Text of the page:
This week at HIMSS21, we’re talking about social determinants of health – what they are and how they can inform our work towards equitable health outcomes for all. 

If you are not familiar with this term – or you’re a little unsure of what it includes – this blog will help you get up to speed. 

Recognized by the CDC and WHO, social determinants of health (often abbreviated as SDOH) are conditions in the places in which people live, learn, work, and play that affect a wide range of health and quality-of-life risks and outcomes.  

Instead of focusing on individual determinants, such as genetic indicators and behavioral risk factors, the SDOH approach instead takes a holistic look at the wide range of influences that can positively or negatively impact individuals’ chances at a healthy lifestyle. 

5 Key Social Determinants of Health

According to the CDC, there are 5 key social determinants of health – let’s briefly take a look at each. 

Healthcare Access and Quality 

Access to quality healthcare is a crucial determinant of one’s health, and yet in the U.S. there remains much health inequity. In its new report comparing the healthcare performance of the 11 wealthiest nations, Commonwealth Fund found that despite spending a bigger GDP slice on healthcare compared with its peers, the U.S. ranks last overall in access to care, administrative efficiency, equity, and health outcomes. From disparate levels of healthcare literacy to varying degrees of insurance coverage, there are a multitude of factors within the healthcare system that can result in negative health outcomes for those with fewer opportunities and resources. 

And with the exponential increase in telehealth and telemedicine, virtual care remains inaccessible to the approximately 19 million American individuals without reliable, high-speed broadband Internet connections in their homes. 

Education Access and Quality 

Education is strongly correlated with health. While causal effects can be difficult to isolate in statistical studies, the CDC reports that people with at least some amount of college education have mortality rates less than half of individuals without any college education. From childhood learning and development to graduation rates and enrollment in higher education or career training, the level of education available to students has a substantial impact on their future success and well-being.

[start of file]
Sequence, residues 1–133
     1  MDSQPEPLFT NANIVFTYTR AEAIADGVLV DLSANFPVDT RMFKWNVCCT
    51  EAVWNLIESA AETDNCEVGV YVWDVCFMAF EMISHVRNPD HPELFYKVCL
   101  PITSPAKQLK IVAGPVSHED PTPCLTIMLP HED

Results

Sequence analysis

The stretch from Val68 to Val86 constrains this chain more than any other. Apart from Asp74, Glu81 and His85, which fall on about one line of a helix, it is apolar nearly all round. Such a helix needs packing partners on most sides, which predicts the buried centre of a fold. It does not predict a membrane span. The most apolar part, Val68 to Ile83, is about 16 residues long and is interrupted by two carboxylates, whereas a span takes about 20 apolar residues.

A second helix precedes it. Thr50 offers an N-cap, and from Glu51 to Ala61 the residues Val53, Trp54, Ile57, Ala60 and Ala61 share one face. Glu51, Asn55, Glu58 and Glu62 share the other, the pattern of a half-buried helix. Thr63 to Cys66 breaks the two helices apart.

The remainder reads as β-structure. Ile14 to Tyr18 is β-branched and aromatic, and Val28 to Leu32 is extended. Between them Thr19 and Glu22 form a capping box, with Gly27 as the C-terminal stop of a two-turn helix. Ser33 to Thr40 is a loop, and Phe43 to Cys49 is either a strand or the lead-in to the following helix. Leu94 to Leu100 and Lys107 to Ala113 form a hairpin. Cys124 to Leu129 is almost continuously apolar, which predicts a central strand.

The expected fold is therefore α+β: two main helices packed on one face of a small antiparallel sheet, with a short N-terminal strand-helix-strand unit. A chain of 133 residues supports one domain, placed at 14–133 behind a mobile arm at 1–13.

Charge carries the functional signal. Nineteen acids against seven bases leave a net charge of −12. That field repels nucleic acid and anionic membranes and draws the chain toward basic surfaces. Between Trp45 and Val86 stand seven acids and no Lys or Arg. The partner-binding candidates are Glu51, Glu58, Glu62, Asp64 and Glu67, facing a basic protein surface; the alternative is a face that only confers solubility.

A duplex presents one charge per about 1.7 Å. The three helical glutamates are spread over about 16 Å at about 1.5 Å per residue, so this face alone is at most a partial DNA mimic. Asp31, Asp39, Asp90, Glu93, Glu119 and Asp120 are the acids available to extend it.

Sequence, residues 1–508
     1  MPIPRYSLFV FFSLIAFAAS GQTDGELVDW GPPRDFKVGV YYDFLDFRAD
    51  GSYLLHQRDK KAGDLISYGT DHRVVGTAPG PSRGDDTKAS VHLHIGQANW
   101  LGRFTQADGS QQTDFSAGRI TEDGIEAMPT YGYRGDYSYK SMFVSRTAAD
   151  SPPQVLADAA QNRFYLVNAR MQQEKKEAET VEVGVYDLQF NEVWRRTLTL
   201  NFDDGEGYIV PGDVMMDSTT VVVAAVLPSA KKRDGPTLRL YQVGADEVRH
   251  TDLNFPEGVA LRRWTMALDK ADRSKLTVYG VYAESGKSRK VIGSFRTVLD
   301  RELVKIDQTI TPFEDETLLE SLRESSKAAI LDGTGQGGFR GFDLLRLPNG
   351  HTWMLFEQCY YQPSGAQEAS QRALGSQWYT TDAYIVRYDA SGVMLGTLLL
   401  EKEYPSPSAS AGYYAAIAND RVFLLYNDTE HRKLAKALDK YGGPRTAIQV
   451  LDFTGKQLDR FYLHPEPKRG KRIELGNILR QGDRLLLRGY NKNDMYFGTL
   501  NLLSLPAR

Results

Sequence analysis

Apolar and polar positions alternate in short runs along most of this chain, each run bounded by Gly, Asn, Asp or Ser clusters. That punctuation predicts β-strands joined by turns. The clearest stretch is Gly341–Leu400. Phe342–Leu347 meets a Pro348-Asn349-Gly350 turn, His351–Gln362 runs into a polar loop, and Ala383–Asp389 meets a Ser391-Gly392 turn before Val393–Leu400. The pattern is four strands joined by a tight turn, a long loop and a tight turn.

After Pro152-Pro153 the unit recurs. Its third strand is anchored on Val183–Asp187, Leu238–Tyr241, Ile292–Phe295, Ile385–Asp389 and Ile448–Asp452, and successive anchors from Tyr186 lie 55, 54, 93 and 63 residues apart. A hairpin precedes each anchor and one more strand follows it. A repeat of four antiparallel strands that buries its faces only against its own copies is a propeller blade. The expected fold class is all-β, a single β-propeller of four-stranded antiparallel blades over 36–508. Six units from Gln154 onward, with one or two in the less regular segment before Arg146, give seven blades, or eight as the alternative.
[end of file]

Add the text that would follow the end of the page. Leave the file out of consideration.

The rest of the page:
A crucial component of student success is equipping them with the online tools that they need to keep up with their peers in an increasingly digital world. Factors like race, income level, and geographical location all impact the likelihood one has to be able to access online opportunities – for example, Common Sense Media’s Third Digital Divide Report found that while Black, Latinx, and Native American students make up about 40% of the K-12 student population in the U.S., they represent about 55% of all disconnected students. 

Social and Community Context 

One’s social backdrop is another indicator of one’s health outcomes. What does the community look like? What level of support does one receive from one’s social connections? What do civic participation and workplace conditions look like? What are the rates of crime and incarceration? The connectedness of one’s community informs the ways in which members live, interact with others, and move about in the world. 

Economic Stability 

Without a doubt, the financial resources one has available impacts health. The greater one’s financial resources, the more likely they are to have stability in the vital areas of food, housing, and transportation, as well as access to high-quality education, personal assistance, and medical care. 

Neighborhood and Built Environment 

Finally, the physical infrastructure in which one lives also contributes to their health outcomes. Environmental concerns, access to transportation, neighborhood crime and violence rates, water quality, and availability of healthy foods all contribute to one’s chances at a healthful life. 

Connections as Opportunities

As I’m sure you have realized, these pillars of SDOH are interrelated in nature. Achieving a higher level of health in one area enables health in another – for example, receiving a higher income can lead to moving to a neighborhood in a location with better educational options for one’s school-age children – in turn affording them with more opportunities down the road. 

While the interconnectedness of SDOH factors means that improving one’s health is not always so simple, it also means that increasing one of these areas can have a ripple effect on their overall health. In short, increased equity in one area can enable better health outcomes in multiple areas.  

It’s clear that there is much work to be done before we are able to realize equitable health outcomes for all, but we believe that we can work together to make meaningful steps towards this goal. 

Kajeet: Connections for Good

Since its founding in 2003, Kajeet has been mission-focused on enabling connections for good. Those connections began in the realm of education and have grown to include nearly 3,000 customers across healthcare, utilities, municipalities, public safety, and many other industries.  

If you or your organization is looking for a partner in managed, optimized wireless connectivity, Kajeet can help – reach out to us today to get started.